In this film, 'Her' refers to both Paris, the character of Juliette Janson and the actress playing her, Marina Vlady. The film is a kind of dramatised documentary, illustrating and ... See full summary »
On a movie set, in a factory, and at a hotel, Godard explores the nature of work, love and film making. While Solidarity takes on the Polish government, a Polish film director, Jerzy, is ... See full summary »
Characterized by deconstructivism and philosophical references and by briefly exposing the good, bad, and ugly periods of the country's history, this post-modern film portrays the abstract ... See full summary »
In this film, 'Her' refers to both Paris, the character of Juliette Janson and the actress playing her, Marina Vlady. The film is a kind of dramatised documentary, illustrating and exaggerating the emotionless lives of characters in the new Paris of the 60s, where commercialism mocks families getting by on small incomes, where prostitution is a moneyspinning option, and where people are coldly resigned and immune to the human nightmares of Vietnam, and impending Atomic war. Written by
In the scene where Juliette drops off her daughter at the day care/brothel, there is a painting on the wall of a screen shot of Nana (Anna Karina) in Vivre Sa Vie. See more »
I don't know where or when, just that it happened. I have tried all day to recapture the feeling. There was a scent of trees. I was the world, the world was me. A landscape is like a face.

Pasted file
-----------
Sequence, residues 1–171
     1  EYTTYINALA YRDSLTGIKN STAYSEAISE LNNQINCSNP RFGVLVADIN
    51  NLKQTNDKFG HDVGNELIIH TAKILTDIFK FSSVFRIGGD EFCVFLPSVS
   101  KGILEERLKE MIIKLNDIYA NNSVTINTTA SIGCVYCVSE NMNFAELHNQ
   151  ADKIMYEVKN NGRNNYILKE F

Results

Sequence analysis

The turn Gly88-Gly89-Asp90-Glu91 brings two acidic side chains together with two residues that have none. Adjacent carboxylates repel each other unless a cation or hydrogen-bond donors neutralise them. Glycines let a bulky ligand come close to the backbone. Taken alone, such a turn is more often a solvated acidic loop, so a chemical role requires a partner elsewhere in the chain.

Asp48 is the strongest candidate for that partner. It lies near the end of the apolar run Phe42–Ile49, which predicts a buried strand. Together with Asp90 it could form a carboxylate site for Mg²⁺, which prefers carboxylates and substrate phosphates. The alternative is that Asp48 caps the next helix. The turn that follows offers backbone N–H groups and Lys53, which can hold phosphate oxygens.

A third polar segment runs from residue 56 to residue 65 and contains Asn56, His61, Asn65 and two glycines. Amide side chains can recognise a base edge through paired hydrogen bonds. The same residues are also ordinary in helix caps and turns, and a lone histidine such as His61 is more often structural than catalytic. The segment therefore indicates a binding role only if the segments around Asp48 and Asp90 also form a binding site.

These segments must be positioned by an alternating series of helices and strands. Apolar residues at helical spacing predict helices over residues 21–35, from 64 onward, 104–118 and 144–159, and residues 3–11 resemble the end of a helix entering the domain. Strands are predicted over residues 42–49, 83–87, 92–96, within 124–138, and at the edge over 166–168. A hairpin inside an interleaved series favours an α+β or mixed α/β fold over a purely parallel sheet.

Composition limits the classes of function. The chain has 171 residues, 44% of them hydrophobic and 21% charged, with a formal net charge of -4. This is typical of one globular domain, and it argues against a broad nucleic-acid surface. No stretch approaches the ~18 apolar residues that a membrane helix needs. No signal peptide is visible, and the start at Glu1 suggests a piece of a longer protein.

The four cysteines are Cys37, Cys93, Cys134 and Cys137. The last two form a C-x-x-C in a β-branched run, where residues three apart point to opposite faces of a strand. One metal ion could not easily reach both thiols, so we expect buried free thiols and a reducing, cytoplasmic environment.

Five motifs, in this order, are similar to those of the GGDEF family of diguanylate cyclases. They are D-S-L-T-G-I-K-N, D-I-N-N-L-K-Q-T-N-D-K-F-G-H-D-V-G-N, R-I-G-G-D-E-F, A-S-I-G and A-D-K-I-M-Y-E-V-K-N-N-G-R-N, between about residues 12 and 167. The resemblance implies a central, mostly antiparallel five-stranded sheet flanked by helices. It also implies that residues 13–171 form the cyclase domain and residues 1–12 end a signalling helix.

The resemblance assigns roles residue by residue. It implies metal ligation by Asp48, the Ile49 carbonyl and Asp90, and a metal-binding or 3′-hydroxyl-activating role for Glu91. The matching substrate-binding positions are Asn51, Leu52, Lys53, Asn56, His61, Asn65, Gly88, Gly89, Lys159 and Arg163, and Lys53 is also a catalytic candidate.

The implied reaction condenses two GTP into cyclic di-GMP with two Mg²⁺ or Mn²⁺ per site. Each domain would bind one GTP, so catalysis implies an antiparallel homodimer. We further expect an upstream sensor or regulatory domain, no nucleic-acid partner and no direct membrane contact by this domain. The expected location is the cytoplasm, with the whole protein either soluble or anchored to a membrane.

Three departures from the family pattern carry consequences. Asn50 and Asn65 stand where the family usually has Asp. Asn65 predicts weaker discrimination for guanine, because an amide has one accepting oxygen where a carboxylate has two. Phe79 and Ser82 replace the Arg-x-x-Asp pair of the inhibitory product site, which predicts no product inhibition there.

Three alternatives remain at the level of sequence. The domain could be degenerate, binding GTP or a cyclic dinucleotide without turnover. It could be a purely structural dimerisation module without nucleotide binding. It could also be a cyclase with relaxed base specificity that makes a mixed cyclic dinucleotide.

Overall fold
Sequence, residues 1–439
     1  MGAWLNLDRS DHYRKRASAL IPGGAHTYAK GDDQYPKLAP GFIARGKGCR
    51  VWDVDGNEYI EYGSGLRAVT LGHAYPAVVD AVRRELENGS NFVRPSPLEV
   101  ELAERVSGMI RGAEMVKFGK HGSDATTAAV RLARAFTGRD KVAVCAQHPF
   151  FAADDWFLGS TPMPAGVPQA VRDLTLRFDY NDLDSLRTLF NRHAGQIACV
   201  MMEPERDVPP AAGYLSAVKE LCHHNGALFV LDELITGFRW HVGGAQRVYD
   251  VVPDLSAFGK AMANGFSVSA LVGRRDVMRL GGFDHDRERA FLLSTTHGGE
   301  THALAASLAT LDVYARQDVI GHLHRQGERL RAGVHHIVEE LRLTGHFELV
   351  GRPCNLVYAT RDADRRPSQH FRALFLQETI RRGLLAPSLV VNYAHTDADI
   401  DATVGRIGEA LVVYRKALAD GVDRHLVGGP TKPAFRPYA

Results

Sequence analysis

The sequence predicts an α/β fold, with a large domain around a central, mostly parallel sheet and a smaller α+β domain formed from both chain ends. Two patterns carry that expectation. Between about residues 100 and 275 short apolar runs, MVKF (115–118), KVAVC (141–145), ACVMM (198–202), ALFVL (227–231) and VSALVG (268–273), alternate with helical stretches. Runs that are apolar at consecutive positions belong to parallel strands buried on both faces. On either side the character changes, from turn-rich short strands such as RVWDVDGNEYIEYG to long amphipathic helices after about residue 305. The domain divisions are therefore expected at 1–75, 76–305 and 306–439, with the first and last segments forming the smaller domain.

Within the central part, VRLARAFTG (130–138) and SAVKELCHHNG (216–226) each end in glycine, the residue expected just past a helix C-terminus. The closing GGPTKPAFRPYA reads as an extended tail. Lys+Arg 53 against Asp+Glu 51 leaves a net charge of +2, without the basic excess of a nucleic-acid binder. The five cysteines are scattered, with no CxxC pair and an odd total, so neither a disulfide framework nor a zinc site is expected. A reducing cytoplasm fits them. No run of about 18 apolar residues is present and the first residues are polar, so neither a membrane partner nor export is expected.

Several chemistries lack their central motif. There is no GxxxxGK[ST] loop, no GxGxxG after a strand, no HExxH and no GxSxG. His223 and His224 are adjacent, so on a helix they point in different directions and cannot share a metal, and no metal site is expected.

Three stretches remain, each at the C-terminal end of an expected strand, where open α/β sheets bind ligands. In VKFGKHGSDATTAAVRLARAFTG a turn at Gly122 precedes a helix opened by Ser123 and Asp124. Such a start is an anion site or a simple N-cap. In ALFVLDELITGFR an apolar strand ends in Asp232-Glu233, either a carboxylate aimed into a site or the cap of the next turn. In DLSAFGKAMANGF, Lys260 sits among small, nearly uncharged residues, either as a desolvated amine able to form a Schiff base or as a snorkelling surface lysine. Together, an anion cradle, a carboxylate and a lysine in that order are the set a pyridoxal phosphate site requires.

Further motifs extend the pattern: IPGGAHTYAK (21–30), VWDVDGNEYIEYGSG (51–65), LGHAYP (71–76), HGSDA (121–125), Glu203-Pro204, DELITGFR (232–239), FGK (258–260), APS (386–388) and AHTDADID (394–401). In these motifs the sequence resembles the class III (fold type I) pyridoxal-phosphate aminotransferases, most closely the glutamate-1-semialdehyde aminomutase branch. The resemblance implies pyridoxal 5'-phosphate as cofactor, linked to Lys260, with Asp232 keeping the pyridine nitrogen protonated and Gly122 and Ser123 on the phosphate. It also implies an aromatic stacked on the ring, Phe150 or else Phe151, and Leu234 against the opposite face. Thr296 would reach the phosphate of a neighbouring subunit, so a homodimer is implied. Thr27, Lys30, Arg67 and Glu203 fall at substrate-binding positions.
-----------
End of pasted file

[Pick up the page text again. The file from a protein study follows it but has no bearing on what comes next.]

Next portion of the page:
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Jean-Luc Godard has been known for his intellectual observations and criticisms. This film is no exception, it is one of the director's masterpieces, a film of unique intellect and style, a movie in which feels almost like a documentary with many characters narrating their actions, along with Godard who whispers personal opinions and observations into the camera. The film is miraculous in its acute social observation along with its discussion of almost every facet of Paris life given both a realistic context by Godard and his pseudo-documentary approach and a fictional context by the actors, creating for us a sort of double-sided film of both fact and fiction, of satire and drama, and of love and hate. As with almost all Godard films, subjective to those not familiar with his sense of structure, but an essential viewing for the intellect.
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